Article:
Schneider National joined a chorus of transportation providers that recently lowered guidance for the rest of the year. The company reduced its earnings forecast by 13% at the midpoint of the range on Thursday.
Schneider (NYSE: SNDR) reported adjusted earnings per share of 45 cents, a penny ahead of the consensus estimate but 27 cents lower year over year (y/y). The number included a 3 cent y/y tailwind from higher gains on equipment sales.
The company lowered its full-year EPS outlook to a range of $1.75 to $1.90 from $2 to $2.20. The new guidance was below the $1.98 consensus estimate at the time of the print. Softer than expected volumes and pricing were the reasons for the reduction.
The outlook calls for a slight sequential step down in EPS during the third quarter as the full impact of prior contractual rate negotiations will be felt. However, the fourth quarter should improve from that level as normal seasonality presents some project opportunities.
Gains on equipment sales were also front-half loaded this year as OEMs were able to catch up on deliveries. Falling demand from second-generation buyers due to sagging TL spot rates is having an impact on trade-in values.
The new guidance includes very modest accretion from its Tuesday acquisition of dedicated carrier M&M Transport, which adds 500 trucks to Schneider’s network.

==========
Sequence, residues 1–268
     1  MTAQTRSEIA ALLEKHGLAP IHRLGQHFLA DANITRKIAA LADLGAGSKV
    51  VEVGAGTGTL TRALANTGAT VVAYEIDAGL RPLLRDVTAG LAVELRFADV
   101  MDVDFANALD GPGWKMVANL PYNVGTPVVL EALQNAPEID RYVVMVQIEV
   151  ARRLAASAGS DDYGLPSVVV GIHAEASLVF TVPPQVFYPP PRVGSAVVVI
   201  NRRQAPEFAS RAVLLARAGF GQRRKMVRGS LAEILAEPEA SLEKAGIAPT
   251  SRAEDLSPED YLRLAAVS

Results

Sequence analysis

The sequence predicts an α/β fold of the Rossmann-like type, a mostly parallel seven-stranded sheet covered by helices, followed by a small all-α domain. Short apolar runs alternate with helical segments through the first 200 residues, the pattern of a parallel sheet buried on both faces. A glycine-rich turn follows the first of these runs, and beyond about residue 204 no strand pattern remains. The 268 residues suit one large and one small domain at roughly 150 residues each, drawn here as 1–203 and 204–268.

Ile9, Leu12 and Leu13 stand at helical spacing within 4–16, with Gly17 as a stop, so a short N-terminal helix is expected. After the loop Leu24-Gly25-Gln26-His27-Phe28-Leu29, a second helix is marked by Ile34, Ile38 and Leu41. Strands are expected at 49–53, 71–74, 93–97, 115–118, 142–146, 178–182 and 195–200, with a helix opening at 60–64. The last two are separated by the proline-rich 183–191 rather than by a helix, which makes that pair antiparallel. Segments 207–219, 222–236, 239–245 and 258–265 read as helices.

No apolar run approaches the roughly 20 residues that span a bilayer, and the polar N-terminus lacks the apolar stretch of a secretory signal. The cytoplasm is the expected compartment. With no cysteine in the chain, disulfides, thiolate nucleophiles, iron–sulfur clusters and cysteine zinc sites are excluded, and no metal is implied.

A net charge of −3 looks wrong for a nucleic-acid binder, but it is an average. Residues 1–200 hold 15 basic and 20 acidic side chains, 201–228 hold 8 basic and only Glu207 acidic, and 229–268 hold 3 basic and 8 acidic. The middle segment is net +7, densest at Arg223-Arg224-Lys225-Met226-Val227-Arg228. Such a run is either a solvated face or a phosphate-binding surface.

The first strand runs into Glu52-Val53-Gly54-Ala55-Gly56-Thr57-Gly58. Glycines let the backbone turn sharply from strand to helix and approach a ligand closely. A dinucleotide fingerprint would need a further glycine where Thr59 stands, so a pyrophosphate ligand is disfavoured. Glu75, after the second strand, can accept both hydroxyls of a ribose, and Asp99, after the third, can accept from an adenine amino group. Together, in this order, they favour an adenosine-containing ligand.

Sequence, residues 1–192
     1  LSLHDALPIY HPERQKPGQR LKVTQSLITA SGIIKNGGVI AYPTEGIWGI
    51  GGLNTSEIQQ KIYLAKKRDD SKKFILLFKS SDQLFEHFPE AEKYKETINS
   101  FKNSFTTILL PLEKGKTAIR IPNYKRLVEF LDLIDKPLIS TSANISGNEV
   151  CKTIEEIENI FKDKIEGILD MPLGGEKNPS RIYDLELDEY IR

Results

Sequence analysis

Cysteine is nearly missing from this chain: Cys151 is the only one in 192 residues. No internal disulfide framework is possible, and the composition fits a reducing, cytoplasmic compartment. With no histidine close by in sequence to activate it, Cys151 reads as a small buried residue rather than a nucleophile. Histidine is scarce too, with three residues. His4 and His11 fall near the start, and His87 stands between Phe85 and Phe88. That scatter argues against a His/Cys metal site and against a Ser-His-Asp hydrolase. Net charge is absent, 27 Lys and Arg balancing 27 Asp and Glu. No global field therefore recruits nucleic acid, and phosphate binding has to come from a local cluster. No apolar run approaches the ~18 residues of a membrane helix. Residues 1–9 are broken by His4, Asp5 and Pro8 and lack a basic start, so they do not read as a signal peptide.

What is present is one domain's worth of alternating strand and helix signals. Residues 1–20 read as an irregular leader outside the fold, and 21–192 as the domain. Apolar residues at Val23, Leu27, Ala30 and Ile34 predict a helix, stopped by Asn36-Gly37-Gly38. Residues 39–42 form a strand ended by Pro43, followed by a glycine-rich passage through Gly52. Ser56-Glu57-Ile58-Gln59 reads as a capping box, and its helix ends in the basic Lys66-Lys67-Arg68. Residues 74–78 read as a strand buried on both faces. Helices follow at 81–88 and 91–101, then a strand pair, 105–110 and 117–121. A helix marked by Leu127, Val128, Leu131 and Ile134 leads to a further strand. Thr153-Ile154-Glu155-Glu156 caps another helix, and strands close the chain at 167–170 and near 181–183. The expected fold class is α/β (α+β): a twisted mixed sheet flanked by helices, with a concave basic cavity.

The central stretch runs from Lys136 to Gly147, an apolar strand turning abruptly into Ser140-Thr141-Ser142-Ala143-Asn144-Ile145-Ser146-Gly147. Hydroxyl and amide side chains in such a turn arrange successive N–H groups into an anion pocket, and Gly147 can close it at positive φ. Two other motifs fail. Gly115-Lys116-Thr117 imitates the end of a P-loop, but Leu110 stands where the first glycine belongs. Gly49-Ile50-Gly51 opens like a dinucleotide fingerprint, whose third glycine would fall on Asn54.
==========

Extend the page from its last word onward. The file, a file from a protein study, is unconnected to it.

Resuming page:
Revenue in Schneider’s truckload segment fell 7% y/y to $533 million excluding fuel surcharges. Revenue per truck per week was down 12% in its one-way segment, which represents a little more than 40% of the total fleet. The utilization metric was flat in its dedicated unit.
A TL operating ratio of 87.8% was 190 basis points worse y/y and benefited roughly 150 bps from the y/y increase in gains on sale.
Intermodal revenue fell 22% y/y (excluding fuel) to $261 million as loads were down 14% and revenue per load was off 8%. Average container turns were down 11% y/y but improved slightly from the first quarter. The company said it paused container buying until the market turns.
The segment’s OR was 350 bps worse y/y at 90.9%.
Management expects a moderate peak season with some inventory restocking this year. It noted an atypical trend in July as both truck and intermodal volumes were slightly higher than in June, albeit off smaller bases than in years past.
Logistics revenue fell 34% y/y to $334 million (excluding fuel). Loads were off 10% with declines in revenue per load accounting for the remainder of the decline. The OR deteriorated 540 bps to 96.3%.
“We are navigating the current environment from a position of strength which enables us to remain focused on the strategic advancement of our multimodal portfolio and to capitalize on the eventual recovery,” said President and CEO Mark Rourke.
Shares of SNDR were up 2.3% at 1:53 p.m. EDT on Thursday compared to the S&P 500, which was off 0.1%.
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